Why the contact center industry is calling the U.S. home

Article by JLL Staff Reporter
Woman on the phone with customer services
Image credit: Shutterstock

Next time you dial ‘0’ while on a customer service helpline for an American company, your call may well be answered in the United States.

It’s part of an ongoing reshoring shift in recent years, and it will likely continue for at least the next five years amid rapid changes in the industry as technology and automation rewrite the rules of consumer engagement.

Gone are the days when live help desk personnel answered mundane questions like, “What’s my password?” or “Where can I find your product?” Live answers to basic questions have been almost entirely replaced with automated “self-serve” solutions, like FAQs and better website search capabilities.

But automation hasn’t made customer service obsolete. In 2016, spending on global contact centers reached $310 billion as the industry keeps stride with ever-growing consumer demand, according to JLL’s inaugural Contact Center Outlook. In addition to spending on technology, the industry is investing in higher pay for higher-quality talent to deal with the complex issues and questions that automated solutions can’t handle.

That’s one reason the United States is becoming the epicenter of global contact center growth.

“With demand increasing for multi-channel digital customer support, the U.S. contact center real estate market is becoming more active than ever,” says Kyle Harding, Co-Lead of JLL’s Contact Centers group. “In large part, it’s because U.S. locations tend to have the tech-savvy talent pool that is now an industry must-have.”

Why the U.S. is ripe for industry growth

The contact center industry has already been ramping up its presence domestically. Employment has increased by 21.8 percent over the last five years to more than 2.3 million people. Three distinct forces are driving its momentum:

  • Digitally savvy talent, and supporting technology, abounds in the United States.

Now that the lion’s share of customer interaction requires a highly skilled, digitally savvy workforce, the economic argument for going overseas for low-cost labor becomes muddled. After all, many U.S. metro areas have people with the skillset to support the modern contact center market. It can also be more cost-efficient to keep technology infrastructure in the U.S. where technology resources are abundant and onshore technical teams can handle installation, maintenance, optimization, and analytics. As such, in-house and contact center outsourcing (CCO) providers alike are finding good reason to shore up their U.S. presence.

For example, the number of CCOs with at least 25 percent of their workers located in the United States is up to 53 percent of all contracts signed in 2015, 18 percent higher than in 2010.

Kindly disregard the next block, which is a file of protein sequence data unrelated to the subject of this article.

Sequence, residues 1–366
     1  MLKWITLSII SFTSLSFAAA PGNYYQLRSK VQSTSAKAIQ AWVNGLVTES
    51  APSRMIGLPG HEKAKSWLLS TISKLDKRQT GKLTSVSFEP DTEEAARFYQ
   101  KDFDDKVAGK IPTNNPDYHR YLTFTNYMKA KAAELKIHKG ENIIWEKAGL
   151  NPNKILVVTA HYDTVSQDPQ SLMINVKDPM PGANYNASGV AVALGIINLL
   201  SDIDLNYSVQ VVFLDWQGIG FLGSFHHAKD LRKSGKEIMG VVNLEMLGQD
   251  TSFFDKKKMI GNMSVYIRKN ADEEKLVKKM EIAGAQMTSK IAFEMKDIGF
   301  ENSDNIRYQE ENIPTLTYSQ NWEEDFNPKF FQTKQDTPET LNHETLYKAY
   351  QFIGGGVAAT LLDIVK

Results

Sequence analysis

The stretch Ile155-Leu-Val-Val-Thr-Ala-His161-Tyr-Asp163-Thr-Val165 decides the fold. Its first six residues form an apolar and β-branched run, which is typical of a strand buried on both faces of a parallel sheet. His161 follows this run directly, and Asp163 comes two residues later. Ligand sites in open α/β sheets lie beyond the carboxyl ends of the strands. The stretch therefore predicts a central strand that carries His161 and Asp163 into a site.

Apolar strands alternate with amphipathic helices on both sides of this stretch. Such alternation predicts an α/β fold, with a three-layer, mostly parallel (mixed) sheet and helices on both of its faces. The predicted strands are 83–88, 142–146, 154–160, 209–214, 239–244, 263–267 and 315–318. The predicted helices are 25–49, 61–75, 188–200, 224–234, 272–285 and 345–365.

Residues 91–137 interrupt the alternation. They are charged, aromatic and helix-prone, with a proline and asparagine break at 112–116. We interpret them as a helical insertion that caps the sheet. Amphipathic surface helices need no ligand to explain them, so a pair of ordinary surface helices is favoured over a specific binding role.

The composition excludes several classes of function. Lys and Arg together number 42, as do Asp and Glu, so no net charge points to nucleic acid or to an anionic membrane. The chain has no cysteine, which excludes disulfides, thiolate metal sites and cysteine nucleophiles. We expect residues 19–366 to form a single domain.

• Mergers and acquisitions (M&A) are enabling massive organizations to rewrite the map.

Large operators like Alorica and Genesys, which are seeking market share and expanding their presence and services, have turned to M&A to optimize their portfolios. Once consolidated, these companies needed to carefully re-evaluate their real estate investments to avoid redundancy in some markets and add presence where needed. For example, some of these organizations have successfully used analytics to prioritize contact center locations that have the right combination of workforce, market saturation, and rental rates.

These M&A-driven real estate assessments have fueled new efforts to streamline costs while creating the more flexible contact center workspace that high-caliber employees now demand.

“Contact center leaders are learning that offering a greater mix of workspaces can enhance the employee experience,” says Tadd Wisinski, Co-Lead of JLL’s Contact Centers group. “Flexible workspaces allow businesses to scale up or down when needed. We’re also seeing a renewed push for plug-and-play contact centers that offer workplace choice and scalability, while being move-in ready.”

  • Geopolitical change brings uncertainty and continues to influence the market.

The geopolitical climate is changing in key global contact center markets while pressure mounts to bring jobs back to the country. U.S. policymakers have displayed a strong interest in keeping more of these jobs at home. Recent legislation to this effect includes the U.S. Call Center Worker and Consumer Protection Act of 2013, and the Bring Jobs Home Act of 2014. Moreover, President Donald Trump has stated his plans to limit offshoring, though it remains to be seen how this might influence the contact center industry.

Continued growth is on the menu

As the U.S. contact center industry evolves in line with the need for digitally skilled talent, burgeoning M&A activity, and a domestic jobs-oriented policy environment, many companies are likely to stay closer to home in the next five years. What happens next will depend on how well contact center management teams can balance investment in talent and technology resources with paying for prime locations.

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